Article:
If you forget for a minute that there are also the 1400-year old remains of a teenage sacrifice victim who is believed to be clubbed and left for dead, you can actually feel the peace in that cave.

And on that note I wish you all a peaceful Christmas and an Amazing 2010!

Tuesday, December 15, 2009

Wednesday Wobble

Every Wednesday at 6 pm we gather at the Wing Stop Bar, which has the coldest beer and best lemon-pepper wings in town. That's the best I can say about this bar, because their toilets without doors, scruffy picnic tables and 'stick-your-hand-in-the tank-to-make-it-flush-' toilets are not really an add on.
We gather there to run, walk or wobble around the Belmopan ring road, about 3 miles or 4,5 km. I usually run -which makes me feel so good that I have really earned my beer and wings. Last week however, I walked, together with the British High Commissioner Pat Ashworth. Belize is the only constituent nation of the Commonwealth of Nations in the region, they obviously have a High Commission.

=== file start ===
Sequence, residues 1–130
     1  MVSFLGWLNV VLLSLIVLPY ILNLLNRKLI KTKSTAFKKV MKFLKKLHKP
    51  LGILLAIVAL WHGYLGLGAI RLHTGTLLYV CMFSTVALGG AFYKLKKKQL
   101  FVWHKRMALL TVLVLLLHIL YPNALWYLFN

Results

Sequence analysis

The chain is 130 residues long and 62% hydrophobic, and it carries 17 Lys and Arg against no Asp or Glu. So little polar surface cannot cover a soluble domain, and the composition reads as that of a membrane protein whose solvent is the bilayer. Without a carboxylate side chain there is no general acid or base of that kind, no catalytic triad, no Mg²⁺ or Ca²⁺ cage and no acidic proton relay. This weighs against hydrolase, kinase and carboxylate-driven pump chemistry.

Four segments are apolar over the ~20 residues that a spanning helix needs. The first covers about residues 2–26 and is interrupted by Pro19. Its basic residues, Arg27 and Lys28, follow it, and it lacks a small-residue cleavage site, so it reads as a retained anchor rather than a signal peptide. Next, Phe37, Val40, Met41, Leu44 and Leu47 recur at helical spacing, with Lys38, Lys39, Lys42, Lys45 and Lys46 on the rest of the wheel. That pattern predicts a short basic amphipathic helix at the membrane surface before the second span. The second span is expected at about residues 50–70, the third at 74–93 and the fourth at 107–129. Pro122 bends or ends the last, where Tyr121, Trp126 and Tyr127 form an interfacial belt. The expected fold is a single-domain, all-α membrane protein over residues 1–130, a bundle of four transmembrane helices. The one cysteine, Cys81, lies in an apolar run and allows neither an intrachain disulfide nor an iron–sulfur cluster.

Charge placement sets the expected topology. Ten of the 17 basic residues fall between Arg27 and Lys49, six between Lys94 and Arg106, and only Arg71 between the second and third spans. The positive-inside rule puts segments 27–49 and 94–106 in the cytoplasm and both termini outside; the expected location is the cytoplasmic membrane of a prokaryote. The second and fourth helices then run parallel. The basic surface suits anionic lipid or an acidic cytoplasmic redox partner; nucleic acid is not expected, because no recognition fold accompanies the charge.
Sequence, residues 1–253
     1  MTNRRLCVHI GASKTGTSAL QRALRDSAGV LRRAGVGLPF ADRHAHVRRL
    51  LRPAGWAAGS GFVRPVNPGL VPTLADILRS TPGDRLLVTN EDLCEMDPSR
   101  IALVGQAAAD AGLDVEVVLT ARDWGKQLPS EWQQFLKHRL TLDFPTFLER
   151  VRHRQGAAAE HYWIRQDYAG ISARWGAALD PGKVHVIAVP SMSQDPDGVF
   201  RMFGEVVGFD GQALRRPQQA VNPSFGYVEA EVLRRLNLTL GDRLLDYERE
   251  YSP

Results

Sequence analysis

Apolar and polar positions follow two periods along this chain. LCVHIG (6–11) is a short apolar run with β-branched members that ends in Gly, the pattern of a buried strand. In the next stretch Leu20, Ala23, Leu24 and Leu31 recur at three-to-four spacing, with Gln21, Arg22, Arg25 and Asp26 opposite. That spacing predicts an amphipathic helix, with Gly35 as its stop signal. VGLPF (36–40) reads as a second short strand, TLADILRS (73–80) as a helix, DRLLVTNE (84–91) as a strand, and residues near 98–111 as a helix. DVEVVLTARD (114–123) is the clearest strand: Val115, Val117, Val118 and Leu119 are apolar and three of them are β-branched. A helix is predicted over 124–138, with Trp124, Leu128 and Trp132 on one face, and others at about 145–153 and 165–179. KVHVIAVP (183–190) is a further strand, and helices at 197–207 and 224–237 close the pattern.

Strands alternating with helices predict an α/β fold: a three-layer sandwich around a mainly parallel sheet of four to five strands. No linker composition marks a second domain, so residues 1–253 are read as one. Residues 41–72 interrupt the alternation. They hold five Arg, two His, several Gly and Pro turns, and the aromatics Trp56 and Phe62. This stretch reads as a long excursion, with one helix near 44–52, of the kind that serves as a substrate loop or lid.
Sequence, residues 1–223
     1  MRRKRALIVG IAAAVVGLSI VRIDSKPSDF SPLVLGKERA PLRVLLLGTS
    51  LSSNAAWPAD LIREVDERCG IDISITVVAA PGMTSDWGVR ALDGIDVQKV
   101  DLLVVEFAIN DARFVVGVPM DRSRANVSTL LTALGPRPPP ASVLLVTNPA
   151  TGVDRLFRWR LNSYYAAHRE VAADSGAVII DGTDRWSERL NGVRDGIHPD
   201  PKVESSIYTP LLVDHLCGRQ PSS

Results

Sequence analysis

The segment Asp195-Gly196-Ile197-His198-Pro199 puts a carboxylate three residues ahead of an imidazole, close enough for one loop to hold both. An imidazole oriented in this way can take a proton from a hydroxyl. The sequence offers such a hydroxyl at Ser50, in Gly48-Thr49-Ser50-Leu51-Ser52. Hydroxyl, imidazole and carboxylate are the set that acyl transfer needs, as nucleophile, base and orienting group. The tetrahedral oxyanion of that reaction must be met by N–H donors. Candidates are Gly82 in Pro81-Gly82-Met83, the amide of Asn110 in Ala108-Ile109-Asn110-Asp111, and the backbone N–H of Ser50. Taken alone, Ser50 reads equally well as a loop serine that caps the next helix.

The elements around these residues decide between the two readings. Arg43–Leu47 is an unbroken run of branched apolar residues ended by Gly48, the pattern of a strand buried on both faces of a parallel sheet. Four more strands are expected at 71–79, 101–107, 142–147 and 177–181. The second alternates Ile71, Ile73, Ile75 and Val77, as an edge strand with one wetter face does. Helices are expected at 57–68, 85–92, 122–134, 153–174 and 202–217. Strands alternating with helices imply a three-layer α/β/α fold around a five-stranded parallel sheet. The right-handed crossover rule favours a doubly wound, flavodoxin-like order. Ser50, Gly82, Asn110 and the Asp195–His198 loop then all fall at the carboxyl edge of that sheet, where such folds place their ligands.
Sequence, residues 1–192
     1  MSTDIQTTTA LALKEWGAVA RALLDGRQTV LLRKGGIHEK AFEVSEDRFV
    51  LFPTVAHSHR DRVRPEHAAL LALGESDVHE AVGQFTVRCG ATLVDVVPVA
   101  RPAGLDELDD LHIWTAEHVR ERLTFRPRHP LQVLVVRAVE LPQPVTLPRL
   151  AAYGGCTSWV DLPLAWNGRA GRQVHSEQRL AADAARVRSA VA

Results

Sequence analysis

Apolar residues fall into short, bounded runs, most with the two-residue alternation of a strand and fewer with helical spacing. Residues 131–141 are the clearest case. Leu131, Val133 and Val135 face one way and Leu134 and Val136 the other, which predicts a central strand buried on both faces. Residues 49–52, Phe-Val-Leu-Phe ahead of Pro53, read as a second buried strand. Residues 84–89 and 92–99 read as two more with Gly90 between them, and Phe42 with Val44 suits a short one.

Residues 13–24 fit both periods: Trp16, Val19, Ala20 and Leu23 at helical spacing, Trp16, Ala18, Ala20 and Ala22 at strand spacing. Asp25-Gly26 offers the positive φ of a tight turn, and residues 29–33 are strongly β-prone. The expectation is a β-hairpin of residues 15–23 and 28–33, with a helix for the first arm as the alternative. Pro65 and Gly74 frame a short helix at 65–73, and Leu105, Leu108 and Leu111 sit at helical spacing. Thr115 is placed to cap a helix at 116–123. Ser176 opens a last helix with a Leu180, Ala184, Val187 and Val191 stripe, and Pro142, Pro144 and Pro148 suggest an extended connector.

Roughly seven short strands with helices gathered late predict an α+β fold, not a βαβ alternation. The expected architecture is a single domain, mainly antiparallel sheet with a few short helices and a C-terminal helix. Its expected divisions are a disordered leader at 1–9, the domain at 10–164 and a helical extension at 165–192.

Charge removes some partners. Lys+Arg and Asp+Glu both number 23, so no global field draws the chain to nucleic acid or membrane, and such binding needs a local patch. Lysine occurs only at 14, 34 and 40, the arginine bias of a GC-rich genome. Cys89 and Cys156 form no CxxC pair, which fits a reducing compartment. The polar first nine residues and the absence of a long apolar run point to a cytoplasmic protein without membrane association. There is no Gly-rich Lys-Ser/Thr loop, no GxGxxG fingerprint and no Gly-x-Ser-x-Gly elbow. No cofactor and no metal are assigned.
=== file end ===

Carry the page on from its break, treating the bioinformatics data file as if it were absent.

Pat speaks a little Dutch from his time in The Hague, and he makes it sound all funny and freaky. Perhaps it really does. We spoke about what people eat in Belize for Christmas. 'Turkey and ham', he said and I reminded him of the Dutch word for turkey: Kalkoen (Kalkoon). That sounds like Cancun, so we thought how to call a kalkoen in Cancun. He then asked me if I knew how a turkey is called in Turkey. Hmmm, interesting question. Türkey? I suggested. He said it's 'hindi'. So we wondered what a turkey in Hindi is. We did not know, but in Portuguese - a language we both speak - it's Peru, where did that come from? But before we could think about turkeys in Peru we were back at the Wing Stop Bar.